Lee Downtown Community Garden making hay to feed the needy

Lee Downtown Community Garden manager Katherine Miller waters seeds and seedlings planted in hay bales. Once harvested, the variety of vegetables from the garden behind St. Mary's Church will be donated to the Lee Food Pantry.

LEE — Volunteer gardeners have found a novel way to provide fresh produce to the needy.

At the inaugural Lee Downtown Community Garden behind St. Mary's Church on Academy Street, volunteers have planted a large variety of veggies such as tomatoes, winter squash, peppers, eggplant, bush beans, lettuce and kale. And the garden uses hay bales as vessels for the raised beds.

Project manager Katherine Miller says the dozen or so volunteers help water the plants daily, tend to the plants and help with general upkeep of the 50-foot-by-27-foot agricultural space enclosed by a split-rail fence covered in hard metal mesh.

Several businesses and individuals have donated or provided at-cost materials to get the garden growing, including the seeds and seedlings, Miller said.

Lee Downtown Community Garden to help feed the needy with fresh produce

Lee Downtown Community Garden manager Katherine Miller waters pepper plants, one of numerous vegetable varieties being grown for the Lee Food Pantry. The project aims to help make a dent in food insecurity for those who have trouble accessing fresh produce.

"I love seeing a piece of sterile lawn turned into space that's productive and people can enjoy," she told County Fare while watering the garden on a Saturday afternoon.

Miller says the produce will be given to the Lee Food Pantry for distribution to those dealing with food insecurity.

The Rev. Brian McGrath, pastor of St. Mary's, is an avid grower, as he and students at St. Mary's School have a traditional plant-in-the-ground garden at the Orchard Street school. While a small portion of the community garden has plants rooted in ground beds, it's the hay bale method that he finds most fascinating.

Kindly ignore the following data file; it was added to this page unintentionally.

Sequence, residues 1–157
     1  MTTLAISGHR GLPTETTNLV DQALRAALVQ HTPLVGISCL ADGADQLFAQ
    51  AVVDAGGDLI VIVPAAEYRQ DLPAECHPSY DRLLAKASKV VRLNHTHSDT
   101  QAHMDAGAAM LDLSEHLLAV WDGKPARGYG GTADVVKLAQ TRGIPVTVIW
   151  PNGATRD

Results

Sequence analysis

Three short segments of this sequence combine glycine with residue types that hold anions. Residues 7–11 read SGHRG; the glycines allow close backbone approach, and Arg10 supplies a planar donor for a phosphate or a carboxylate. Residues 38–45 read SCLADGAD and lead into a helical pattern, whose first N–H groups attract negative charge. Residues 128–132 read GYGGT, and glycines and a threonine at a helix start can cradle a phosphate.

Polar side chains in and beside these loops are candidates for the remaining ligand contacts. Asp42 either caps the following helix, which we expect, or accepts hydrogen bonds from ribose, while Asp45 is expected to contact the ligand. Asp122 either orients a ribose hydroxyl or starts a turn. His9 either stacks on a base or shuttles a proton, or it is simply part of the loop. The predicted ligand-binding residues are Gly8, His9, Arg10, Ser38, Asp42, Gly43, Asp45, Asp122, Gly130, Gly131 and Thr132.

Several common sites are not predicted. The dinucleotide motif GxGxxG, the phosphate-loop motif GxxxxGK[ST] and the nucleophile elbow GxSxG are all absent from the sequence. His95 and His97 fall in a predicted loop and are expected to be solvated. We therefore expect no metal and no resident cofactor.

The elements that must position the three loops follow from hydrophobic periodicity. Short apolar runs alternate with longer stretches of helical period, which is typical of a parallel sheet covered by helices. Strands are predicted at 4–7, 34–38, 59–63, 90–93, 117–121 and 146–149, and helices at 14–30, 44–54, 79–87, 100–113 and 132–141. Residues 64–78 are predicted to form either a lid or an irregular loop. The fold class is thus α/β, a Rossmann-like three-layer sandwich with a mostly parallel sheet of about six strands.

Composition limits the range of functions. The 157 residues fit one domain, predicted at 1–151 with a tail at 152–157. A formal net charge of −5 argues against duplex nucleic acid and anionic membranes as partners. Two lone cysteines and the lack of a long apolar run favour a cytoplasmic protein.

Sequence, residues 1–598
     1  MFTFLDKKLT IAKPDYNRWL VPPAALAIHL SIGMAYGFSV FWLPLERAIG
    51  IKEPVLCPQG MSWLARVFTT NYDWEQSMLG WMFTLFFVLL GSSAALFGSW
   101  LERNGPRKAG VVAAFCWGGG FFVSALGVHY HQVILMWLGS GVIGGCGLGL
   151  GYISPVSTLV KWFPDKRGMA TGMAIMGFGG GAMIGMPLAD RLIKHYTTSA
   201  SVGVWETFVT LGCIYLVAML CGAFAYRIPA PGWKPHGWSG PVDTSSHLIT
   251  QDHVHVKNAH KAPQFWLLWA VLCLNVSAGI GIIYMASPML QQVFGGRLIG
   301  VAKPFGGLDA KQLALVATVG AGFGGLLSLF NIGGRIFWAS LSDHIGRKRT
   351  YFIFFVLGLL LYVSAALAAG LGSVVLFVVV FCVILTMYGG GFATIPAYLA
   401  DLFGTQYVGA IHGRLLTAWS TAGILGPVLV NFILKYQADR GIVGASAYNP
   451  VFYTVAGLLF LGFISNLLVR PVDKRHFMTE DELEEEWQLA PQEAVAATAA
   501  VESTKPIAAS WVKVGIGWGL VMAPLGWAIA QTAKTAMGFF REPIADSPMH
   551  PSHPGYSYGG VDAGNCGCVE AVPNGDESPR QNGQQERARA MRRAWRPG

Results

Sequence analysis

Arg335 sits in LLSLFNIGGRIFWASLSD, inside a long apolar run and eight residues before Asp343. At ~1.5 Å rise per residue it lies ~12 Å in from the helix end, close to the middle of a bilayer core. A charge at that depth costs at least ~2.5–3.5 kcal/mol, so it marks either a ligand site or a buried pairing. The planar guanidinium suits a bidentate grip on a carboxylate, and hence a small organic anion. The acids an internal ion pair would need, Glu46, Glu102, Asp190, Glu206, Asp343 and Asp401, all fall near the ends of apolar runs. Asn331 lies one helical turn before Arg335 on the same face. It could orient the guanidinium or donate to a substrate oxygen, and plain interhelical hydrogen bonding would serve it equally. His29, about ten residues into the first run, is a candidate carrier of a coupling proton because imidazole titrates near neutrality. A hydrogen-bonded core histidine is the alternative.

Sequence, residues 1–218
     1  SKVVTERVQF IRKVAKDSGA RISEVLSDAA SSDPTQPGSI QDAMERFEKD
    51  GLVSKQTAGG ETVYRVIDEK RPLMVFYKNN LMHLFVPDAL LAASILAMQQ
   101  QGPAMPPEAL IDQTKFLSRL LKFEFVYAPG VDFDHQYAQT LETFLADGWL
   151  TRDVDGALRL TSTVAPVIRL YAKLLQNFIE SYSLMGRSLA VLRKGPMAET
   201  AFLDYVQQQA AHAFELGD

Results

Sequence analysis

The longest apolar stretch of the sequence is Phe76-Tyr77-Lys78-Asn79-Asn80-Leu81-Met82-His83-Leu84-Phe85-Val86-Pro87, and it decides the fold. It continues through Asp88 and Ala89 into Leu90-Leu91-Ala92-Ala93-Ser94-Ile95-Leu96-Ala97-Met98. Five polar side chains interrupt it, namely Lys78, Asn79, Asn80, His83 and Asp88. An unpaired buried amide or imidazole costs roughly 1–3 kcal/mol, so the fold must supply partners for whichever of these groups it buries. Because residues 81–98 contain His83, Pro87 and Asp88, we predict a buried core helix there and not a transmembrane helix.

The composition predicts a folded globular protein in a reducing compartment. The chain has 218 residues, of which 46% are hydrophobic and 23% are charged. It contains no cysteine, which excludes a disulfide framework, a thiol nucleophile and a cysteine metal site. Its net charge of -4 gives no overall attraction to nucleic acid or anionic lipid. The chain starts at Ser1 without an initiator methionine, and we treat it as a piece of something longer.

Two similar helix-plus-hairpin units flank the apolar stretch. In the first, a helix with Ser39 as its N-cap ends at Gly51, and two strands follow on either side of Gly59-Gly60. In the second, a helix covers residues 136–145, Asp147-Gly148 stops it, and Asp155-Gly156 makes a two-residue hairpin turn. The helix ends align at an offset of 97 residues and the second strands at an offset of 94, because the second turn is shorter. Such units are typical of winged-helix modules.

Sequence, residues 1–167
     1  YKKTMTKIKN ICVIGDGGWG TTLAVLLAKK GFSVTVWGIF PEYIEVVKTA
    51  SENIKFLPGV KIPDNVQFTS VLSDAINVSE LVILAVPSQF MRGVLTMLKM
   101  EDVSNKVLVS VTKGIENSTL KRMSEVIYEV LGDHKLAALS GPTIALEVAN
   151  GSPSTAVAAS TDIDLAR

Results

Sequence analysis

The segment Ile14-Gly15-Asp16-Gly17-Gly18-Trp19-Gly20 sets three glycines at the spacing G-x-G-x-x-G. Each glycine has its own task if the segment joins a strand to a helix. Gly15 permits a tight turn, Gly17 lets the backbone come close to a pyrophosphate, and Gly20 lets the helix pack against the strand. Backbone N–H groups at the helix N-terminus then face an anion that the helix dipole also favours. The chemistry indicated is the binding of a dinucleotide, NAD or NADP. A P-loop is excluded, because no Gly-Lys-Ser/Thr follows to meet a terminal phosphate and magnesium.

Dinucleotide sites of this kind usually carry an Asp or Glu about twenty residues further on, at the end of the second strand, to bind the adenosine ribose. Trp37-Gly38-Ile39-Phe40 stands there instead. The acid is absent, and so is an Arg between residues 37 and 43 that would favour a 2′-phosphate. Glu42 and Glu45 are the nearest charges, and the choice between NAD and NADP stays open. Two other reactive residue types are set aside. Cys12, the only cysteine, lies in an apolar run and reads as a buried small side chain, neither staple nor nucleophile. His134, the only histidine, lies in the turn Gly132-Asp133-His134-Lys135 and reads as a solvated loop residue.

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"This is all an experiment to me, although growing in hay bales has been done," he said. "I'm trusting a new way of gardening, and so far, so good."

Why raised beds of hay bales?

"The bales will hold the water, and they drain well, too," Miller said.

She added that the hay will begin to compost, organically breaking down, providing nutrition to the plants.

McGrath also believes working the earth, or in this case, hay bales, is uplifting spiritually.

"[Gardening] is not only educational, it's spiritual, because people like to get dirt under their fingernails," he said.

And gardening is good for the soil, as well as the soul.

"We take so much out of the Earth, what about putting back into the Earth," McGrath added.

County Fare, a weekly column featuring “tales from throughout the Berkshires,” is compiled by Eagle staffers.